The first video is Takahashi’s Powers of Ten – A Synthematic Journey. The video – taking inspiration from Charles and Ray Eames film Powers Of Ten and Kees Boeke’s 1957 book, Cosmic View – is described as “a journey into the depths of some of Tatsuya’s instrument design highlights.” The film features images and sounds of the Takahashi’s Minilogue, Monologue, Volca, Triggers and Granular Convolver.
The second video, below, captures his presentation at the MW:M festival:
“Making a living from designing musical instruments is a funny business. On one hand they are commercial products. On the other, they are forms of expression,” notes Takahashi. “From the big hit volcas to the personal projects that are painfully close to my soul, each project has a different story to tell, but there’s also a continuum that runs through them all.”
This video, via Perfect Circuit, offers an audio demo of the Korg Trident – an 8-voice, polyphonic analog synthesizer with three distinct, programmable sections.
The Trident features Synthesizer, Brass, and Strings sections. These can be individually tweaked and played, assigned to sections of the keyboard, or be layered to create more complex sounds.
“In this video, we show off a handful of the lush, vintage sounds that can be coaxed out of this classic synthesizer. The Trident is certainly an instrument that rewards playing its keyboard, while engaging and tweaking the different sections as a performance element.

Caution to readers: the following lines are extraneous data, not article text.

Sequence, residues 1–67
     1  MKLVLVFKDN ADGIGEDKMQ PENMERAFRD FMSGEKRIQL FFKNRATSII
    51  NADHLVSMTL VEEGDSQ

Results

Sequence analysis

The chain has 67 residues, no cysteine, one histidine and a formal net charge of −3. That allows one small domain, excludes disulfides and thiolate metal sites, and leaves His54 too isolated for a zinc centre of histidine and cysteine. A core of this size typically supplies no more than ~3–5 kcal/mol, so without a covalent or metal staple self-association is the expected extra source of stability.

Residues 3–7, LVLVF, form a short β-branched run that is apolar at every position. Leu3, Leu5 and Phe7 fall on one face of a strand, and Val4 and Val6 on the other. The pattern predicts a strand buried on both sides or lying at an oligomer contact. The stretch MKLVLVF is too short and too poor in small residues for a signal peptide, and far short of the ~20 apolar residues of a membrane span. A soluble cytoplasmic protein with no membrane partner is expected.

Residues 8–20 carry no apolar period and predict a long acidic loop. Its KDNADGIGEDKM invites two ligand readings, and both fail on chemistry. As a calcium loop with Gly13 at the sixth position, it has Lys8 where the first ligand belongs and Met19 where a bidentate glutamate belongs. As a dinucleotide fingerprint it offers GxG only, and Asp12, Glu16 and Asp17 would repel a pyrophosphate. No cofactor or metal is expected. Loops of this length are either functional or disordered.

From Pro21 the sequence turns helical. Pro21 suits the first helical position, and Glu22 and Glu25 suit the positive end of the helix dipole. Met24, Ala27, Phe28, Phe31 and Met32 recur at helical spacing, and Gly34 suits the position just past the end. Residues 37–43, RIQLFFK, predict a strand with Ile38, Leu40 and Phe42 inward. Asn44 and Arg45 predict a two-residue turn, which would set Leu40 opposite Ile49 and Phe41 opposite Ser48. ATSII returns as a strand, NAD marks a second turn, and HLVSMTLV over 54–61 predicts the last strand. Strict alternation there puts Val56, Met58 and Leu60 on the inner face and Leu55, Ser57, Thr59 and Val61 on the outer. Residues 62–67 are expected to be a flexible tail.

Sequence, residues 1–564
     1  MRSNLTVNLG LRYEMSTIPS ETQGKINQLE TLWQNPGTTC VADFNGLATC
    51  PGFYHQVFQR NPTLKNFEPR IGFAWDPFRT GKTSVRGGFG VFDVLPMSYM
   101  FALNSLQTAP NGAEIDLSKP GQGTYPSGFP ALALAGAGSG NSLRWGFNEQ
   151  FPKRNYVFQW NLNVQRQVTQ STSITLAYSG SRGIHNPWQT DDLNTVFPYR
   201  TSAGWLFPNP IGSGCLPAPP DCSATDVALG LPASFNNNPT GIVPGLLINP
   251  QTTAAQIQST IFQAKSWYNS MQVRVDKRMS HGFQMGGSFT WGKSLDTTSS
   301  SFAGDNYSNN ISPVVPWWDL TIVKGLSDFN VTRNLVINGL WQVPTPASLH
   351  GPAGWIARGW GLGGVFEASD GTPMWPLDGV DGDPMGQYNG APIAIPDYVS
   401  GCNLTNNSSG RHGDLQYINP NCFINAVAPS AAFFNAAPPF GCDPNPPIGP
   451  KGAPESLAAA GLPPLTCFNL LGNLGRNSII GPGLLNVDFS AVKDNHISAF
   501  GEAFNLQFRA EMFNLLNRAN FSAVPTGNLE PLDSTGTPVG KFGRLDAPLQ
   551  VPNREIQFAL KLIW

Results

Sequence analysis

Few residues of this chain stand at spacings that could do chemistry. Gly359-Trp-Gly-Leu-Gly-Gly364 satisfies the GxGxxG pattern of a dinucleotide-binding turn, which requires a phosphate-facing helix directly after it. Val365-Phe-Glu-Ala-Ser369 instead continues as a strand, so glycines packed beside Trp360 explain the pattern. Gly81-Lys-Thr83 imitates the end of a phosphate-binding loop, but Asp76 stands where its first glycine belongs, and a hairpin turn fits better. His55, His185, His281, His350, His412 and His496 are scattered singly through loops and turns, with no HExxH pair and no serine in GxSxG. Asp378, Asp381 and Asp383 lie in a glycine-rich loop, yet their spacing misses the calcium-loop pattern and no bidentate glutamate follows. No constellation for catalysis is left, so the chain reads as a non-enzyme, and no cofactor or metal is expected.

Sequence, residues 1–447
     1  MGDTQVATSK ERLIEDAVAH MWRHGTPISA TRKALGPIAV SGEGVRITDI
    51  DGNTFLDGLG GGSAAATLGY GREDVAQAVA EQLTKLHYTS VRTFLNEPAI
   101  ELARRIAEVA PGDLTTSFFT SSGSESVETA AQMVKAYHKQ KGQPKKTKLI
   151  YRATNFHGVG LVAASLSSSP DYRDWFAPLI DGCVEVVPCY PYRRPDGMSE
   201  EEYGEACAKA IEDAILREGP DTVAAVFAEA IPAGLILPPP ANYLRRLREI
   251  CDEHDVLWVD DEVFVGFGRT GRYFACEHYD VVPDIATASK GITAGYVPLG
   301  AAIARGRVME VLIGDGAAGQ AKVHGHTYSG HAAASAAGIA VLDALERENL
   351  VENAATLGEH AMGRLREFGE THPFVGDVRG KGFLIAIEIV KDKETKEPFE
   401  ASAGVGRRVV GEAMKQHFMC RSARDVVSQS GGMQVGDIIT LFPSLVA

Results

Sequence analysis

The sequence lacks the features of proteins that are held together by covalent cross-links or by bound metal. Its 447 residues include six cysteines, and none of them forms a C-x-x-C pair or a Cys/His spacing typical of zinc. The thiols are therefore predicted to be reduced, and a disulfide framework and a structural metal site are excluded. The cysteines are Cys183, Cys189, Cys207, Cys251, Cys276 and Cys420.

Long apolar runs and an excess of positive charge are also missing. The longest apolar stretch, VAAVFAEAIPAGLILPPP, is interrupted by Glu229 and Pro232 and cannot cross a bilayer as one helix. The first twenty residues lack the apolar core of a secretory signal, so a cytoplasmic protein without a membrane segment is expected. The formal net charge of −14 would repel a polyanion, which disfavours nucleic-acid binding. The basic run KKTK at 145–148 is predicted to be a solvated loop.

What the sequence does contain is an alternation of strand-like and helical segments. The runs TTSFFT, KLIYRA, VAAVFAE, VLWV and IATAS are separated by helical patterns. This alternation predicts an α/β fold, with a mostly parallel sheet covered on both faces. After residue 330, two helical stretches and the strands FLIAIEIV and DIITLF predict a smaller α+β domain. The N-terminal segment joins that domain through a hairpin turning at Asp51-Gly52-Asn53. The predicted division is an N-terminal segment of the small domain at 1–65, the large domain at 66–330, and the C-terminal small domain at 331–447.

We also showcase some of the Trident’s external CV inputs with a small set of Eurorack modules, expanding the instrument with more complex modulations than what is possible within the Trident alone.”
If you’ve used the Korg Trident, leave a comment and share your thoughts on it!
Sinevibes has released a free update for Albedo, their granular cloud reverb for Korg synthesizers.
The update adds reverse grain playback mode, increased grain size adjustment range and more.
Albedo is a granular cloud reverb plugin for the Korg prologue, minilogue xd and NTS-1. It continuously records audio into a buffer, and at the same time plays multiple looping snippets from it – with each such snippet or “grain” having its own randomized size and position.
Together with feedback and additional stereo widening, this creates a lush “cloud of sound” reverb effect.
The algorithm also features a “freeze” mode: it can stop overwriting the buffer and play the granular cloud indefinitely, making it possible to layer any other sounds on top of it.
Pricing and Availability
Albedo is available now for $19 USD. The update is free to existing owners.
Sinevibes has introduced Droplet, a new delay and reverb effect for Korg Multi-Engine synthesizers, including the Korg NTS-1, Minologue XD and Prologue.
Droplet is a ‘raindrop delay’ effect that features up to 10 delay lines. The delay lines are connected in series, via a proportional feedback system, with each delay’s time randomized, in order to recreate a naturally chaotic sound that Sinevibes describes as being similar to water drops falling onto a surface.
Droplet can not only produce the “raindrop delay” effect, but can also go from early reflections to dense reverbs with long tail duration. The algorithm’s built-in modulation oscillator also adds dimension and unison detune to the sound, thanks to its unique routing with alternating polarity.